• Forming a pit in the ground having the same shape of the pot that the potter wants to make, then he sprays some sand to prevent the wet clay from sticking to the pit.
2- Kick wheel pottery: the craftsman instead of continually turning the pot by his hands he is assisted by a wheel which he kicks by his feet to increase the turning speed.
3- The electric power wheel replaces the kick wheel in turning the piece of pottery.
Potters were craftsmen who were responsible for manufacturing pottery as seen in the tombs scenes, texts and models. Some potters doubtless worked alone, but most of them were organized into individual workshops belonging to palaces and temples.
Private public estates had their own potters and workshops. Small villages probably had one or more potters while cities would have potters and workshops.
The most famous production centers of pottery were discovered at Fayum, Badary, Naqada, Buto, Bahariya Oasis and Elephantine
A large number of Roman kilns were discovered in Dakhla Oasis, al-Ashmunein and Tell el-Haraby at elAlamen. Lately about 30 workshops of pottery were discovered at Maryut.
Literature mentions to kilns at Maryut, Abu Mina, alAshmunein, where the archaeological remains are attested by the evidence of a papyrus (517 AD)mentioning a potter's workshop in the HermopoliteNome in Middle Egypt. Morever, kilns were discovered at Medamud, Tod, nubian X Group (= Ballana culture), Edfu and El-Ballas.
One of the most famous ancient Islamic cities for the production of pottery is Fustat, the first capital of Islamic Egypt.During the Mamluk period, Cairo became an important center for the types of folk pottery production characterized by simplicity and low cost. Some of pots have marked with name of its producer like “Ghazal”, “Al-Shami”, “Ibn al-Khabbaz” and “Ghaibi
Porcelain became popular at the end of 19 th century. Jonson pasha built a factory for ceramic tiles at Fom el-Khalig which didn’t operate for a long time. Meanwhile, an Alexandrian merchant, who used to import porcelain from Greece, built another factory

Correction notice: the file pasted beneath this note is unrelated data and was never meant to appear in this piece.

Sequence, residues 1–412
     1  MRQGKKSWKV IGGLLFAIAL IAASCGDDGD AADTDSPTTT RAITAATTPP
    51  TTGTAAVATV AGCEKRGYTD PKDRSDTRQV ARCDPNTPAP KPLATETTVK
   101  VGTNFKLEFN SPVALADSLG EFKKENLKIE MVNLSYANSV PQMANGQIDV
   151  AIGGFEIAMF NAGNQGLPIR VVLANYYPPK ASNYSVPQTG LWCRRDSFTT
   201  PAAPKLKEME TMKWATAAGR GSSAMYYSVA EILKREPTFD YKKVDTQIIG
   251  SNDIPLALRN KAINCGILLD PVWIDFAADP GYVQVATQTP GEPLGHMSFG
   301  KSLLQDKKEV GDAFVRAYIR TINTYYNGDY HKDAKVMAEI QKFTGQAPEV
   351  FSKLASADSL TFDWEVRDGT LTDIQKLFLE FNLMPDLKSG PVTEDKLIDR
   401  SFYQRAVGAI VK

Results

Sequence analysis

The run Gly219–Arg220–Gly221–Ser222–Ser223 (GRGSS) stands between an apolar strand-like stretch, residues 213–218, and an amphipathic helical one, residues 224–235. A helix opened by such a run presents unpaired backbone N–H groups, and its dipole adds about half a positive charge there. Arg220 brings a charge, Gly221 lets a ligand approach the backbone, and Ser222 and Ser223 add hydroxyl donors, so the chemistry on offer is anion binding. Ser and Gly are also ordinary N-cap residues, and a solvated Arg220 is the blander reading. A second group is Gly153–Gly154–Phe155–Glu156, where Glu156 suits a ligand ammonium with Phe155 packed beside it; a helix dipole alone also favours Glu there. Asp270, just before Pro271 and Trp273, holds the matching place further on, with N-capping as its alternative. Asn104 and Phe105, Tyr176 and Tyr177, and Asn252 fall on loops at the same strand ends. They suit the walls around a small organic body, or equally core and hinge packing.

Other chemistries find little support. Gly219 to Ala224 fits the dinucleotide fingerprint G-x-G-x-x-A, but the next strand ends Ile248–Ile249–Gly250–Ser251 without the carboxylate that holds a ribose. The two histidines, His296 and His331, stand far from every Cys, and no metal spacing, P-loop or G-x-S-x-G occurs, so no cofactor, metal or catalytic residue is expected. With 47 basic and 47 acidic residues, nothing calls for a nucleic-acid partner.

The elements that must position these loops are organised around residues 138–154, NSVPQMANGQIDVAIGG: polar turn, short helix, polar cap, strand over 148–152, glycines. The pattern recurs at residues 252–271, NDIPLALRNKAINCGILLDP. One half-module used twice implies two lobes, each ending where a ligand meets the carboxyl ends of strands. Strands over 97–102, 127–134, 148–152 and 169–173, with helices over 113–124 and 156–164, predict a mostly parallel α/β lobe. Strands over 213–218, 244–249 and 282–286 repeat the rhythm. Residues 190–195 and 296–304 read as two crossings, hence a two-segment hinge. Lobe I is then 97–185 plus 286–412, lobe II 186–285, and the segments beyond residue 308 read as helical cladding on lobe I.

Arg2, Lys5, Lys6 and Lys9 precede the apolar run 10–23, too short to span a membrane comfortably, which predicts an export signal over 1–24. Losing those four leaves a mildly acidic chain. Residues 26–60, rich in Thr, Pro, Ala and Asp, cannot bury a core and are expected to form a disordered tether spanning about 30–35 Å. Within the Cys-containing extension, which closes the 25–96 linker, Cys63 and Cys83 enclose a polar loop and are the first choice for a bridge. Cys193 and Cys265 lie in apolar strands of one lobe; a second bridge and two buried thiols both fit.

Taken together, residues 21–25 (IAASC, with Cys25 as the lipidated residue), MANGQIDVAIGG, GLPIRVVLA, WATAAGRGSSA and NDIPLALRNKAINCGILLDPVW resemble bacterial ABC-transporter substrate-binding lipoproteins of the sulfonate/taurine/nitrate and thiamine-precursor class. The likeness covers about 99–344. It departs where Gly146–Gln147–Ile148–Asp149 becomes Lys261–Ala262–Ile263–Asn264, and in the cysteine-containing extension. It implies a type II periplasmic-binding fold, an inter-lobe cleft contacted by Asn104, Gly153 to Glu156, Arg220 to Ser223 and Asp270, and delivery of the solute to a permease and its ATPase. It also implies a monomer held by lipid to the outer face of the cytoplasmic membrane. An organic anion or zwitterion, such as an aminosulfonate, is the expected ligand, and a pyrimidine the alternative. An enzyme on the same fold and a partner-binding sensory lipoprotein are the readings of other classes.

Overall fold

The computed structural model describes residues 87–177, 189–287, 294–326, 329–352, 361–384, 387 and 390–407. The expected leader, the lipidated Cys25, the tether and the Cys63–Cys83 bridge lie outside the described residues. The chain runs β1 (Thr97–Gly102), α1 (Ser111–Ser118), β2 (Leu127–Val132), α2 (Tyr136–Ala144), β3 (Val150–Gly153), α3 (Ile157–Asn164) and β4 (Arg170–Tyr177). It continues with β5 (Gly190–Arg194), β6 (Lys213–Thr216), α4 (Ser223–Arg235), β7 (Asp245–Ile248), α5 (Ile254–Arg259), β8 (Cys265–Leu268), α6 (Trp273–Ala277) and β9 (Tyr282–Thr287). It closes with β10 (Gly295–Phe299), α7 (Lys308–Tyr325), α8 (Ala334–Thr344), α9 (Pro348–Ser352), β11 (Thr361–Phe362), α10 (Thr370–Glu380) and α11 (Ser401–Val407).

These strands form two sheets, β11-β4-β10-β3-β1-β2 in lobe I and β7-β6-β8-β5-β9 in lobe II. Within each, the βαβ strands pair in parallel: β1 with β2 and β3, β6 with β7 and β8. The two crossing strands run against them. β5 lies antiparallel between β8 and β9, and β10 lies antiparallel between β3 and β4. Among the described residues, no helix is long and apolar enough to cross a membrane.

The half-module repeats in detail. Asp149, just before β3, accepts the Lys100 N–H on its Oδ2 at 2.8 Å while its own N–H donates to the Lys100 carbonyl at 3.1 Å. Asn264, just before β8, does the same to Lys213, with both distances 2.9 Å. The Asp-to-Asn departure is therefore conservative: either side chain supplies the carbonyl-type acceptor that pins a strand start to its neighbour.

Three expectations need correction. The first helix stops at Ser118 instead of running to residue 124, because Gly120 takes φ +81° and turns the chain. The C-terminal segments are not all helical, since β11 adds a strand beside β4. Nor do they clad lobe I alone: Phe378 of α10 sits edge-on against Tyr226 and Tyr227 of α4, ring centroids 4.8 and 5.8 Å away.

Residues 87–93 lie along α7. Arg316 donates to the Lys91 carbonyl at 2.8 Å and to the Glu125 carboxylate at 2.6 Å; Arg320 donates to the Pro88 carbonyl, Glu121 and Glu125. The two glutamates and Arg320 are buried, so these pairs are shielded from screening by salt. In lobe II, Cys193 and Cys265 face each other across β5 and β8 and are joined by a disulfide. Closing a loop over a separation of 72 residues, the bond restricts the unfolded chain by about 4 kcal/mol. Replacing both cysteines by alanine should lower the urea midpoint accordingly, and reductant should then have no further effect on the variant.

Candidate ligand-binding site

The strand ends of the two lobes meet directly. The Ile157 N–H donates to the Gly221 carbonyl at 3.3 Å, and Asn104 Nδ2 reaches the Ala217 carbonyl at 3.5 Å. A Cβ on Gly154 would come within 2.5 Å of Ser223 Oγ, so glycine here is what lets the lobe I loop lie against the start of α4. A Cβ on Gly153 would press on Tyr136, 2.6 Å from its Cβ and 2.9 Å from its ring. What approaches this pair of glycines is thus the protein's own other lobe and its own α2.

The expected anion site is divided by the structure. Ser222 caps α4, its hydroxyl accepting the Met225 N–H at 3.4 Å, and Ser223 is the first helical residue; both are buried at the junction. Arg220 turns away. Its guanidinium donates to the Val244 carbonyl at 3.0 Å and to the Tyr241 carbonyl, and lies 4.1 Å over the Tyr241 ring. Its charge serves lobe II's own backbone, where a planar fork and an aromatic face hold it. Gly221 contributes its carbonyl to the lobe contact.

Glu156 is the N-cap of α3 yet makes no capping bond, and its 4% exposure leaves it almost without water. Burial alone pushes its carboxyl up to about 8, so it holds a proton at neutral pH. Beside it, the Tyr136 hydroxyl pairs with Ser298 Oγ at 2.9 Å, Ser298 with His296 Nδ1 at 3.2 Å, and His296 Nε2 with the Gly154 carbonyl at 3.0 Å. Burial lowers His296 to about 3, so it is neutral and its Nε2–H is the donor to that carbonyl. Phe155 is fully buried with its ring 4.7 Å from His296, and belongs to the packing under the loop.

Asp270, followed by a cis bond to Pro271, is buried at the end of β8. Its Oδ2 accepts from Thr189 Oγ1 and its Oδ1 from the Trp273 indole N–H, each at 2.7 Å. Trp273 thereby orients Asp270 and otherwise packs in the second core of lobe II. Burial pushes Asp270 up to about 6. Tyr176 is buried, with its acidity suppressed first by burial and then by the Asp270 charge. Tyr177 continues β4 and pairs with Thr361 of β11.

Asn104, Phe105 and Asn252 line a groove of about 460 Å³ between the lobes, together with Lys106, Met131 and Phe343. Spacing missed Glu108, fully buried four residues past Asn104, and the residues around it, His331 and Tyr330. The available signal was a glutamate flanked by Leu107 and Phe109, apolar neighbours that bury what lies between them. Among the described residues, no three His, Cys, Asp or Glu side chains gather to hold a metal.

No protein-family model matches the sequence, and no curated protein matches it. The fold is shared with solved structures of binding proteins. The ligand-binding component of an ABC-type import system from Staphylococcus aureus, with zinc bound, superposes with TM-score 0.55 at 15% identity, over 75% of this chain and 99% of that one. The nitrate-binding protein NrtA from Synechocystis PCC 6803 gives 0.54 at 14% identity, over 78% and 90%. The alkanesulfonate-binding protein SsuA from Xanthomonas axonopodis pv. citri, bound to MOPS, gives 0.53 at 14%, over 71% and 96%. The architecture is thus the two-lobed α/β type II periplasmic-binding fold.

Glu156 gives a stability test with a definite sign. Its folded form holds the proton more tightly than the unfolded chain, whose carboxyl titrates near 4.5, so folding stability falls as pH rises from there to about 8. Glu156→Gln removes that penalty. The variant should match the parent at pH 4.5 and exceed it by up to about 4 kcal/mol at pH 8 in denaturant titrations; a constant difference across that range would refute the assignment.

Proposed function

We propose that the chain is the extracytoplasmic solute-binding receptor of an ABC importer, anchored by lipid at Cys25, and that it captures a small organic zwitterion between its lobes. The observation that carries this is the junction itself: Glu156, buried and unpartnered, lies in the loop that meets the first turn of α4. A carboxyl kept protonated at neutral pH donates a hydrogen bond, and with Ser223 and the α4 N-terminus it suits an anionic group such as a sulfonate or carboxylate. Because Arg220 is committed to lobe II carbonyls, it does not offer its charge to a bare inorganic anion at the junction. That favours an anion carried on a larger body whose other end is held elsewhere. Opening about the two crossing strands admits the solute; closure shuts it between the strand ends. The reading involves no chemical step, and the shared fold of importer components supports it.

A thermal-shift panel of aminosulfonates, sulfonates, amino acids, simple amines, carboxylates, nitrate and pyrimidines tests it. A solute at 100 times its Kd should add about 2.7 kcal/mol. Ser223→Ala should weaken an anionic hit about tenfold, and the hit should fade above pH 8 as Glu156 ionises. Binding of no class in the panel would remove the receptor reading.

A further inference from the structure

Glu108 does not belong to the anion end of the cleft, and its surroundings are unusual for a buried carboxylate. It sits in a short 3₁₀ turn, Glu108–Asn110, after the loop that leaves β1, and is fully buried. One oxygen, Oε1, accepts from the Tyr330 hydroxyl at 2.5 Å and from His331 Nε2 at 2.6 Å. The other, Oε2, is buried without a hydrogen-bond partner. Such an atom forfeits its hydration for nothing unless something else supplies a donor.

and employed Greek and French workers as well as Egyptians. A section for applied arts was created after Egyptians went to Europe on various scholarships during the time of Mohamed Aly.Mahmoud Saber was the first Egyptian to study in the Sevre factory in France. He established a new section for pottery in the school of decorative art in Boulaq.
Most important production centers were in: Garagous village (Qena), el-Fustat, and al-Qasr village in Dakhla Oasis.
Pottery was an essential element in Egyptian society. It was used in all aspects of life at all social levels: domestic and agricultural tasks, public ceremonies, religious and funerary rituals.
Most ancient burials included quantities of pottery left for use in the afterlife. During various periods of Egyptian history, adults or infants were buried in large pots or ceramic basin. Pottery was also used for burials in form of anthropoid coffins. Broken pottery is recycled and its shards were used either as ostraca, which was a very important material for writing, or as a temper by potters.
During that time some vessels changed in shapes and purpose, like, for example, hydriai which were big in sizeand were first used as water containers, and then used to preserve ashes of the deceased.During the Roman period, this type of vessel disappeared.
Amphorae were another kind of vessels which were used to preserve wine and oil. Local workshops in Alexandria and Delta produced different types of pottery vessels, some of
them imitating the imported types
The ceramics of Copto-Byzantine Egypt offer a varied range of shapes and manufacturing groups adapted to very specific functions. The sites – such as hermitages at Esna and Kellia and urban foundations at Alexandria and Elephantine – have yielded a rich collection of material which gives evidence of daily use of "fine” tableware, cooking pots, amphorae and water jugs.